Well, nothing can be further from the truth. Keepers need very specific individual training drills and sessions to develop the skills that they need to be effective in the net.

Having played as a goalkeeper and coached the goalkeepers on a high school team, I can tell you that they need as much focused attention as any other player on the field. With keepers you need to work on reflexes, distribution, diving techniques, catching, 1 vs 1 and jumping just to name a few.

Tap into the latest coaching techniques and learn how to dramatically increase your players’ skills quickly & easily…CLICK HERE to find out how…

Set up time each and every practice for you keepers to have individual work. There are a ton of really easy to set up drills that you can run to get the fundamentals on lock down for your netminder.

If you are looking for inspiration, take a look at Print & Go Practice Plans – Goalkeeping. (look at the upper right hand corner). The site isn’t the prettiest, but the drills and practice plans for goalkeepers are incredible. I really like the fact that I can print sessions that work on specific skills and just take them with me to practice to run. Great stuff!

I’ve included the table of contents from the Print & Go Practice Plans Goalkeeping below.

Coaching Philosophy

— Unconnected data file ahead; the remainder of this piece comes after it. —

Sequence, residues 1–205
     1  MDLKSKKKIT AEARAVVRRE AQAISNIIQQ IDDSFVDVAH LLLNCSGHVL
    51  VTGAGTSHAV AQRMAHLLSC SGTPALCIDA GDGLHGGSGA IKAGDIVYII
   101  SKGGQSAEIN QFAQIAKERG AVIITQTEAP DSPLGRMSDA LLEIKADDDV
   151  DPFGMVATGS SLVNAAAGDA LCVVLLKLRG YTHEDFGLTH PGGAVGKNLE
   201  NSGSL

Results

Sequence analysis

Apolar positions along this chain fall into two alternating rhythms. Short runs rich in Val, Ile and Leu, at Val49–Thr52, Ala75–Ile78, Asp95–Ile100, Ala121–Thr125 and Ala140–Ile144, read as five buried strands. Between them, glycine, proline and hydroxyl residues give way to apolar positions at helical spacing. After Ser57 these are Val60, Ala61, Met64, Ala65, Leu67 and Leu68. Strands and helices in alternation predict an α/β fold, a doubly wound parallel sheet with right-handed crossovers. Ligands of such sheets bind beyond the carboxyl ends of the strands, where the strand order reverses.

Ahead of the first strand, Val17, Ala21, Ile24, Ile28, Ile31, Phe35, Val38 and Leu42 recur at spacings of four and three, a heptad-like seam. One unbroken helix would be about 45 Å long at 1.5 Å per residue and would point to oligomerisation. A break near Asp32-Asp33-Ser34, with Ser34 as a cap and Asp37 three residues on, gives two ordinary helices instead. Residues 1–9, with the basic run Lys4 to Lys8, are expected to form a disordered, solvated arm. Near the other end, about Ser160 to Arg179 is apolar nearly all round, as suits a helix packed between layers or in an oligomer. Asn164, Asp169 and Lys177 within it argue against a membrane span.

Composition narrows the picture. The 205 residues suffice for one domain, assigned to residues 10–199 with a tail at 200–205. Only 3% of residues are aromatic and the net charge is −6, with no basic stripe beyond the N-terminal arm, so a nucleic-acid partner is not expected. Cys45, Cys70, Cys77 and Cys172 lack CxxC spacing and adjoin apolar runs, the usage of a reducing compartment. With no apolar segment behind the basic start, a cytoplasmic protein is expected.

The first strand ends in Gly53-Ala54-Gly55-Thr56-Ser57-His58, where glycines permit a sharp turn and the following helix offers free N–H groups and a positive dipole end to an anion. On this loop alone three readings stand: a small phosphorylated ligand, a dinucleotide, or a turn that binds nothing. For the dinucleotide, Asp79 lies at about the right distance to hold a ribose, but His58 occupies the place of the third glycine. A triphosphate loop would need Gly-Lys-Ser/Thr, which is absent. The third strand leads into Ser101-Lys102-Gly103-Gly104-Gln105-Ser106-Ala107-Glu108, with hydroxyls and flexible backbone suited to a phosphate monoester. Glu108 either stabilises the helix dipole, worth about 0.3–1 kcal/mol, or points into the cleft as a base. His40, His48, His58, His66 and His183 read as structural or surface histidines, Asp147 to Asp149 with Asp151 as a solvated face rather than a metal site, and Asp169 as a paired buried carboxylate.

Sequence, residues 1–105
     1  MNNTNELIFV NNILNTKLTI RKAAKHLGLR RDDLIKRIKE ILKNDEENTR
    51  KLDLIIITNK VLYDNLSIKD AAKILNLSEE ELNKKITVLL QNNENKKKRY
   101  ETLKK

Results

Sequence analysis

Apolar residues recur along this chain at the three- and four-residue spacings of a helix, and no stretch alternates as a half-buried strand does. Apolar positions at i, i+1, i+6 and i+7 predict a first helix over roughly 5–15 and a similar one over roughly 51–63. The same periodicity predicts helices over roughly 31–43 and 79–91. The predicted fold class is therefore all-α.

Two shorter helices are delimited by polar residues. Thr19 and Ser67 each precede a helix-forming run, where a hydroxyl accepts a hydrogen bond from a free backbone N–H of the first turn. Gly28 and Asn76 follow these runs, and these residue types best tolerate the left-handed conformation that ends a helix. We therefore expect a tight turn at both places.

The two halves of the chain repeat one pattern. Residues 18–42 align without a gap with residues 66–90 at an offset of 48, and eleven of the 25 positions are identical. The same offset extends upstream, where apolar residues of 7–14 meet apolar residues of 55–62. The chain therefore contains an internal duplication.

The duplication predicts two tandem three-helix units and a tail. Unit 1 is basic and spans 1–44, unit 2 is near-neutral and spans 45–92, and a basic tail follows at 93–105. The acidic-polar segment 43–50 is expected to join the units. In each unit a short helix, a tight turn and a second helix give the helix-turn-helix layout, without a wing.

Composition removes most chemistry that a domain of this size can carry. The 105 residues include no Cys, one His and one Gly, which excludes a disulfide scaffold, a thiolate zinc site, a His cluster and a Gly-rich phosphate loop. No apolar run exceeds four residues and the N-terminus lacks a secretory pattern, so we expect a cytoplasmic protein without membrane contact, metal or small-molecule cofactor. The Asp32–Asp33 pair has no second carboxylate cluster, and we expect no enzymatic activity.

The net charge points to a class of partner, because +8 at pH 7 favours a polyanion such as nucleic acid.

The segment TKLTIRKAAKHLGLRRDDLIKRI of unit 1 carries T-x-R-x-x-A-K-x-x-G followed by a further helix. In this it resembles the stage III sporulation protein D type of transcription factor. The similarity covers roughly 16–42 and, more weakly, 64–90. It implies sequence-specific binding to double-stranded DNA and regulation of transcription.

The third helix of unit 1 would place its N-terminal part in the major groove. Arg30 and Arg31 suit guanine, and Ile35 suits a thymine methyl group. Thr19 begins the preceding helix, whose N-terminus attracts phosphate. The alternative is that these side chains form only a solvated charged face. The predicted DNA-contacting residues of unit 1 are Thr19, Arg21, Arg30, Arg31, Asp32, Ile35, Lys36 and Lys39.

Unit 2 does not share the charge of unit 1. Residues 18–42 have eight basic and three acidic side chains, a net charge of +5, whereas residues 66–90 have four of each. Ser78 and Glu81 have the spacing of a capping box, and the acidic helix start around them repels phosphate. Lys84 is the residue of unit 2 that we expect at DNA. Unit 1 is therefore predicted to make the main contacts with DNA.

Usage Recommendations
Practices Summary Matrix
Season Practice Sequences

Print & Go Practices
• # 1 Catching, Diving, Breakaways, Distribution
• # 2 Reaction, Flexibility, Diving, Wall
• # 3 Diving, Jumping, Corners, 1v1
• # 4 Jumping, Diving, Abdominals, Pass Backs
• # 5 Strength, High Balls, Goal Kicks, Reading Play
• # 6 Ball Handling, Leg Strength, Dives, Crosses
• # 7 Reflex Dives, Leg Strength, Distribution
• # 8 Agility, Change of Direction Dives, Penalties
• # 9 Continuous Diving, Reaction, Organizing Play
• #10 Catching, Back Dives, Angles, Long Balls

Warm Up Drills
• # 1 Catching, Diving
• # 2 Flexibility, Coordination
• # 3 Coordination, Catching
• # 4 Jumping, Abdominal Strength
• # 5 Jumping, Flexibility
• # 6 Ball Handling, Reaction
• # 7 Leg Strength, Catching
• # 8 Agility, Catching, Recovery
• # 9 Catching, Jumping, Diving
• #10 Catching, running, Passing

Technique/Skills Drills
• # 1 Diving, Distribution
• # 2 Reaction Dives
• # 3 Jumping, Diving
• # 4 Backward Dives
• # 5 Diving after Motion
• # 6 Turn & Dive, Bouncing Balls